Which is not to say that Come don't have relatives, or fellow travelers, in the American underground. There's Chicago's Jesus Lizard, whose former and greatest drummer, Mac McNeilly, was one of the rhythm sectionists recruited for 1996's Near Life Experience (Matador), the disc Come recorded following the departure of O'Brien and Johnson. There's also Rodan, the defunct Louisville outfit that specialized in angular, abrasive, yet reflective art-damaged guitar rock, and whose Tara Jane O' Neil (bass) and Kevin Coultas (drums) played on and toured behind Near Life Experience. But those bands and their offspring have offered either all-out brutal aggression or tense moments of calm. Come, since the very beginning, have always managed to offer both at once -- fragile attacks of serenity, belligerent storms of tranquillity.
Gently, Down the Stream introduces the newest Come line-up -- Zedek and Brokaw with Fuzzy bassist Winston Bramen and hard-hitting drummer Daniel Coughlin. It will be hailed by some as the band's return to rock, since there were some quieter than usual interludes on Near Life Experience and the short "cabaret-style" tour that followed, featuring a bass- and drum-less Zedek and Brokaw with a pianist. And almost without exception it does rock, till it hits "Saints Around My Neck" midway through and explodes with the rawest emotions Zedek has ever put into a song.
"Saints Around My Neck" may also be the most fully realized song Come have written. Propelled by its own compositional logic, it twists, winds, and otherwise forges ahead through barbed guitars and thorny images of troubled friends till at last it breaks free in a rush of fear and Zedek rasps, chillingly, "Something is choking me . . . " Gently, Down the Stream is probably the best Come disc since Eleven: Eleven -- not just in the way that every new disc by a favorite band is initially their best by sheer virtue of its newness, but in the sense that Zedek and Brokaw (who sings two tunes himself) are making music that seems to dig deeper and reach out farther.
It was music critic Ellen Willis who first pointed out what may have been the most stunningly obvious yet strangely overlooked consequence of the Velvet Underground's existence. "The Velvets," she wrote in a 1978 essay, "were the first important rock-and-roll artists who had no real chance of attracting a mass audience." Which is precisely what later made them a model for the generation of American underground bands Come came out of. The Velvets proved that important music can happen in something very near a commercial vacuum, that even in the populist realm of rock and roll, popularity isn't the only measure of success, that moving units remains different from moving hearts.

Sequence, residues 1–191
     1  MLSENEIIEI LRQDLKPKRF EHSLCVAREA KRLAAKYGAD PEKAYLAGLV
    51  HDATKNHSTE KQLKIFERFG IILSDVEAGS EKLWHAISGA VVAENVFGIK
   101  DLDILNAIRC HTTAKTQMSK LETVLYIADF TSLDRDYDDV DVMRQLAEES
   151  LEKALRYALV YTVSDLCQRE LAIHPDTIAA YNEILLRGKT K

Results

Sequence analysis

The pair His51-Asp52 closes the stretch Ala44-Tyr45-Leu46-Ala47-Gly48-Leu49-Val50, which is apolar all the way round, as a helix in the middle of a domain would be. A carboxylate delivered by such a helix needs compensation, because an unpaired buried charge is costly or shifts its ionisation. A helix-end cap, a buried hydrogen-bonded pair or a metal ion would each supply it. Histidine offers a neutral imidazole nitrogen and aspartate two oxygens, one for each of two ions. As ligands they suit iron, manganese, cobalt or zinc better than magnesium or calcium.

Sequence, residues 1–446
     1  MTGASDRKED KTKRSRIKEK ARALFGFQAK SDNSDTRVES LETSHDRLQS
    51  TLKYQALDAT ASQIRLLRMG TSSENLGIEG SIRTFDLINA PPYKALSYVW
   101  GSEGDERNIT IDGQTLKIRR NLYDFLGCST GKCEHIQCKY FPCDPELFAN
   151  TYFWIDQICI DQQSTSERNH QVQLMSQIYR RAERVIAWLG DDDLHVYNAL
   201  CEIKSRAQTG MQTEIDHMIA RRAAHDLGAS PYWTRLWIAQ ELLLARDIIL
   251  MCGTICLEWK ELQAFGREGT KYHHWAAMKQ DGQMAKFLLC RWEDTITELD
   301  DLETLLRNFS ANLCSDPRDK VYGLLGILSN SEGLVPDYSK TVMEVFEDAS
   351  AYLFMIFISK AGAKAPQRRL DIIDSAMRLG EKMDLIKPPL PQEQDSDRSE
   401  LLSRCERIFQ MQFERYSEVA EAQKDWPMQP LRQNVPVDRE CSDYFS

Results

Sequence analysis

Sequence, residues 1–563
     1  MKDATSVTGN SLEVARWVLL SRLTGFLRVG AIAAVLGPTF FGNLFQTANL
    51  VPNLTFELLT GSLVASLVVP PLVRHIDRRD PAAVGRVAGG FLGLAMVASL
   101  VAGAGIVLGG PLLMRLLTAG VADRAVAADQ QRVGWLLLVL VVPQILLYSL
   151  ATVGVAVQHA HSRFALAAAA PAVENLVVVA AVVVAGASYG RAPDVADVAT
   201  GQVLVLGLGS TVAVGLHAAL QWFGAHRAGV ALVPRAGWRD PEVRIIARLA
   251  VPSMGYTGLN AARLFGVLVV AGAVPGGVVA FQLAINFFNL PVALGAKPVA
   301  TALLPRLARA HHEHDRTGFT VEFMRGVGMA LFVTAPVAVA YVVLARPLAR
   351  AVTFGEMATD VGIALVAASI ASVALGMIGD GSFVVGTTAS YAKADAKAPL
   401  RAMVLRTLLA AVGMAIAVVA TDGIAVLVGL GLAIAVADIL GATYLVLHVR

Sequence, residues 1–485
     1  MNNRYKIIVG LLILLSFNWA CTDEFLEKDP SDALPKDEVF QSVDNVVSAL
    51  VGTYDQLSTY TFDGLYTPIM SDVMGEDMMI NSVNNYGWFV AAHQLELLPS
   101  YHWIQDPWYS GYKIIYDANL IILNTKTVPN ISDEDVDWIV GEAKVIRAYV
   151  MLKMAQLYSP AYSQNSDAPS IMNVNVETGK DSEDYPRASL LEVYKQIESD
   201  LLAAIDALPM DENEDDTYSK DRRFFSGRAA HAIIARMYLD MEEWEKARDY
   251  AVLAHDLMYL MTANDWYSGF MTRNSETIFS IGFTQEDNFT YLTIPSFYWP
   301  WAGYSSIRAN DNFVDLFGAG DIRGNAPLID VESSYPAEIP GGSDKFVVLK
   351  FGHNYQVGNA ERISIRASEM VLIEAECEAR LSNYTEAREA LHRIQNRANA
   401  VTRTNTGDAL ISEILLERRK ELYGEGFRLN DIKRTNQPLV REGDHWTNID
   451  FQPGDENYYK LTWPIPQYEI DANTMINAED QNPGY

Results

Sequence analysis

All of which seems a tad elementary these days. If anything, the pendulum has over the course of the past decade swung in the other direction, to where the absence of mass appeal is viewed as a prerequisite for making important music -- i.e., obscurity both equals and is required for musical greatness. Thus we have successful artists like Nirvana's Kurt Cobain, who once took Come on the road with him, apologizing for his popularity, and Pearl Jam's Eddie Vedder striving to reduce the size of his audience by painting his arena anthems with a veneer of dissonance.
Meanwhile, the underground is populated by bands who cloak their every gesture
in irony, just in case one of their tunes proves catchy enough to appeal to a
broader audience. Which is a shame, because even the Velvet Underground were
guilty of reaching out with their music, of never accepting that sentence Ellen
Willis imposed on them 10 years after the fact, of flying in the face of
reasonable expectations. That's what makes great rock and roll. And that, in a
very messy nutshell, is what Come do.